Data gaps are the order of the day, but the threats to infrastructures and enterprises are growing.
Social engineering is also called "social manipulation", which is called interpersonal intercourse with the aim of provoking certain types of behavior in persons, for example, to convey confidential information or to release funds. Social Engineers spy out the personal environment of their victim, deceive identities, or use behaviors such as authority to obtain secret information or unpaid services. Often, social engineering is used to penetrate a third-party computer system to view confidential data; One also speaks of social hacking. The basic pattern can be seen in the case of phoned telephone calls. The attacker calls the employees of a company and decides as a technician who needs confidential access data to complete important work. Already in the run-up, he has gathered small information on procedures, daily office talks and corporate hierarchies from publicly accessible sources or previous telephone calls, which help him in the interpersonal manipulation.
A well-known variant of social engineering is phishing. Here, fictitious e-mails with a confusing design are sent to the potential victims. The content of these messages can be, for example, that a certain service you are using has a new URL and you should login to it from now on. If this is the case, criminals get possession of the log-in name and password. Another possibility is that the victim is prompted by an alleged administrator to return the log-in data in response, alleging technical problems. The most important contribution to combating social engineering is provided by the victim himself, by ensuring the identity and justification of a respondent. Already the inquiry to the name and telephone number of the caller or the existence of a non-existent colleague can reveal badly informed attacker.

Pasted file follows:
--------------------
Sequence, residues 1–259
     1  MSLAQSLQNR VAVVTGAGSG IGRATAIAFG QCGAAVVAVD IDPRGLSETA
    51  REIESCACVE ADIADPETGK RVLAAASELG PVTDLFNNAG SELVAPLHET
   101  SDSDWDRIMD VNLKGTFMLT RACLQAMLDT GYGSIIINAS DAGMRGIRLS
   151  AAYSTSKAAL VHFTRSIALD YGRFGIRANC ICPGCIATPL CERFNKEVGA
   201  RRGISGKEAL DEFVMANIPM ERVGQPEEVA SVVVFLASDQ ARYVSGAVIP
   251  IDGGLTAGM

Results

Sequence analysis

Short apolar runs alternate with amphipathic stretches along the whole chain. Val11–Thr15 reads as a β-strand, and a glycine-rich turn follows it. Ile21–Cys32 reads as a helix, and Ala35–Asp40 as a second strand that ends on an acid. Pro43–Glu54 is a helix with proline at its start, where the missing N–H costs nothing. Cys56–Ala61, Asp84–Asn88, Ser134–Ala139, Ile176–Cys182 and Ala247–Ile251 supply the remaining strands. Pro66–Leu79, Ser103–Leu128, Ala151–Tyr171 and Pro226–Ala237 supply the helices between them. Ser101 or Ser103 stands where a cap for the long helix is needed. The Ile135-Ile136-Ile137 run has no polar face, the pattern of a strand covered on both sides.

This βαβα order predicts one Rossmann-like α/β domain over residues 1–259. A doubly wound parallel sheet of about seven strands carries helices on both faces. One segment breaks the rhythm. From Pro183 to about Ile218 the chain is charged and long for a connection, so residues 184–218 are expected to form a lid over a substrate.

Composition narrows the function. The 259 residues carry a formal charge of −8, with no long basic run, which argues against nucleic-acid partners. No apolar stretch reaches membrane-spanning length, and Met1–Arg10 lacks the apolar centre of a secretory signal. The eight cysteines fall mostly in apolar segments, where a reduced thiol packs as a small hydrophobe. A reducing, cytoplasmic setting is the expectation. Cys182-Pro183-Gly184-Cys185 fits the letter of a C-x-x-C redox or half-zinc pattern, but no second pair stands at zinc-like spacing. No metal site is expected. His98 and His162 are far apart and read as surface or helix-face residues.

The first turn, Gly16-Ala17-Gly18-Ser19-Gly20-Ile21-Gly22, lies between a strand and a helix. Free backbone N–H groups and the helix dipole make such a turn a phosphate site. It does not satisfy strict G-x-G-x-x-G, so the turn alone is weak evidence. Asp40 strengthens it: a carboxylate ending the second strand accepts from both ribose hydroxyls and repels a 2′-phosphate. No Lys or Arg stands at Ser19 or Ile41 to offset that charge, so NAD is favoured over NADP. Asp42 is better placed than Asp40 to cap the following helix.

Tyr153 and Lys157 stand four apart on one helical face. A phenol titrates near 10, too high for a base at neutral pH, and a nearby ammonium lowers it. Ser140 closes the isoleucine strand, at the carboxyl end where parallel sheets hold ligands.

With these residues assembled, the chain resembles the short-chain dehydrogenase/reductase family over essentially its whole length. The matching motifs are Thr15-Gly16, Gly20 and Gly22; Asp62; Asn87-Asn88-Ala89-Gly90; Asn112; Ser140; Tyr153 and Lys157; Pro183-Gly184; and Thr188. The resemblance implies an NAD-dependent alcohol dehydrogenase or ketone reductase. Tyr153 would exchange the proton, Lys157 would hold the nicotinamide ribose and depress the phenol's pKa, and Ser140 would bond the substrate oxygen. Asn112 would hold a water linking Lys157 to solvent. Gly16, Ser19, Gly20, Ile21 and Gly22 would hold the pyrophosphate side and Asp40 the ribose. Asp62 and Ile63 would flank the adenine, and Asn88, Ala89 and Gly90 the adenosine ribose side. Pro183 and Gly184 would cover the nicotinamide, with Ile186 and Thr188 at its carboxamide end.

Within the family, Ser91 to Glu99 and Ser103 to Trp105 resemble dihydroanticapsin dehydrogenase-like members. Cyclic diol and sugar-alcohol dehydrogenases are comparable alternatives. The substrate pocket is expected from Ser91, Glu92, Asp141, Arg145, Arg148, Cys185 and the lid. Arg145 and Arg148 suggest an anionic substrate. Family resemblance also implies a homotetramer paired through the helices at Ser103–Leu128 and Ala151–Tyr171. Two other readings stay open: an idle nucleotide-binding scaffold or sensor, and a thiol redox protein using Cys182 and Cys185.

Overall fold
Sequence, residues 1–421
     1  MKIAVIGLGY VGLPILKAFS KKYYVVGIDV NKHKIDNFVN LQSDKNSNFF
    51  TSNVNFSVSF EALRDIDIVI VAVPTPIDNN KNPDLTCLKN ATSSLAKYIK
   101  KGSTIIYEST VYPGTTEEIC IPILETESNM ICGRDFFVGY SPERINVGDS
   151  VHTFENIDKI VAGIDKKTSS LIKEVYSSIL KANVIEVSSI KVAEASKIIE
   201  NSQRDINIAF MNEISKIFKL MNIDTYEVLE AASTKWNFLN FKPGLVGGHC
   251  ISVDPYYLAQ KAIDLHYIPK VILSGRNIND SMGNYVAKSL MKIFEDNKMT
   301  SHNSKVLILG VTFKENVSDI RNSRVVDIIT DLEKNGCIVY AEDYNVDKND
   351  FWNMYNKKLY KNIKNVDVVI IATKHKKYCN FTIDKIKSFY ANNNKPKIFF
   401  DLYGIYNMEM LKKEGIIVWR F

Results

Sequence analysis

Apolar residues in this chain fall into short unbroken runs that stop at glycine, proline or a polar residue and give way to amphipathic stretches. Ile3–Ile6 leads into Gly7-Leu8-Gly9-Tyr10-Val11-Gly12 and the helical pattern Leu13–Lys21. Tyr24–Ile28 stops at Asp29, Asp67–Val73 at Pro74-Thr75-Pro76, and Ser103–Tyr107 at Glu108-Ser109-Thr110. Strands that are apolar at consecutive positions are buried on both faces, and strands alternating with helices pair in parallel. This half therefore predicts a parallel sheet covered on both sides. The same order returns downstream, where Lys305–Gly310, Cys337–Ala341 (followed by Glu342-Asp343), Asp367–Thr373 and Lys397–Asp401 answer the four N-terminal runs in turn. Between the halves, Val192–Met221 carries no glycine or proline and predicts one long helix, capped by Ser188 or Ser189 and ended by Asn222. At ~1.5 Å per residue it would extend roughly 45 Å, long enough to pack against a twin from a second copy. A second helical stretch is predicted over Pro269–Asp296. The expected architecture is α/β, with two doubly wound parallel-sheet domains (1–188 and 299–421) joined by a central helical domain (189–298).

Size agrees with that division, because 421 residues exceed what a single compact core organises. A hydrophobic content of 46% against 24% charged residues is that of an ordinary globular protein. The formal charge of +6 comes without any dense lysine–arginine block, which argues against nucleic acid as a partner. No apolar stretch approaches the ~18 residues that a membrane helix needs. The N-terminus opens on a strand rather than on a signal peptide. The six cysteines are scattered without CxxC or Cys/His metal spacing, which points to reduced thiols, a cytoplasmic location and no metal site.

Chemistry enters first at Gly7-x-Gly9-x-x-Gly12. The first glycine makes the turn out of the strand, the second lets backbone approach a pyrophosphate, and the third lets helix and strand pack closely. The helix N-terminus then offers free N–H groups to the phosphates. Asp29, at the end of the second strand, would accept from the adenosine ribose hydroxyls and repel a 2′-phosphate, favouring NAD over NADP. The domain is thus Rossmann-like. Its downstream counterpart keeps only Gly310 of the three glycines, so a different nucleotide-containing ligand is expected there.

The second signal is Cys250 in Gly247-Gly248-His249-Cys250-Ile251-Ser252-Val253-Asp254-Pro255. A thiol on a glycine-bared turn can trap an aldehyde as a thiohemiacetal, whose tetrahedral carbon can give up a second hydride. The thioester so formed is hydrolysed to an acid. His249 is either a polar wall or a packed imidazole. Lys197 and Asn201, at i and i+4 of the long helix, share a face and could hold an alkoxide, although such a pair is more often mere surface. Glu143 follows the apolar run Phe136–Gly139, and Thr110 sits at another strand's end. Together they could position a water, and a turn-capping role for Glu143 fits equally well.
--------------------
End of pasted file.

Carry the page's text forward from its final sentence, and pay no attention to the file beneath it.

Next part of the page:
The method was publicly known by the hacker Kevin Mitnick, one of the most popular people in the US. Mitnick said that social engineering was the most effective way to get a password, and suggested technical approaches to speed by length.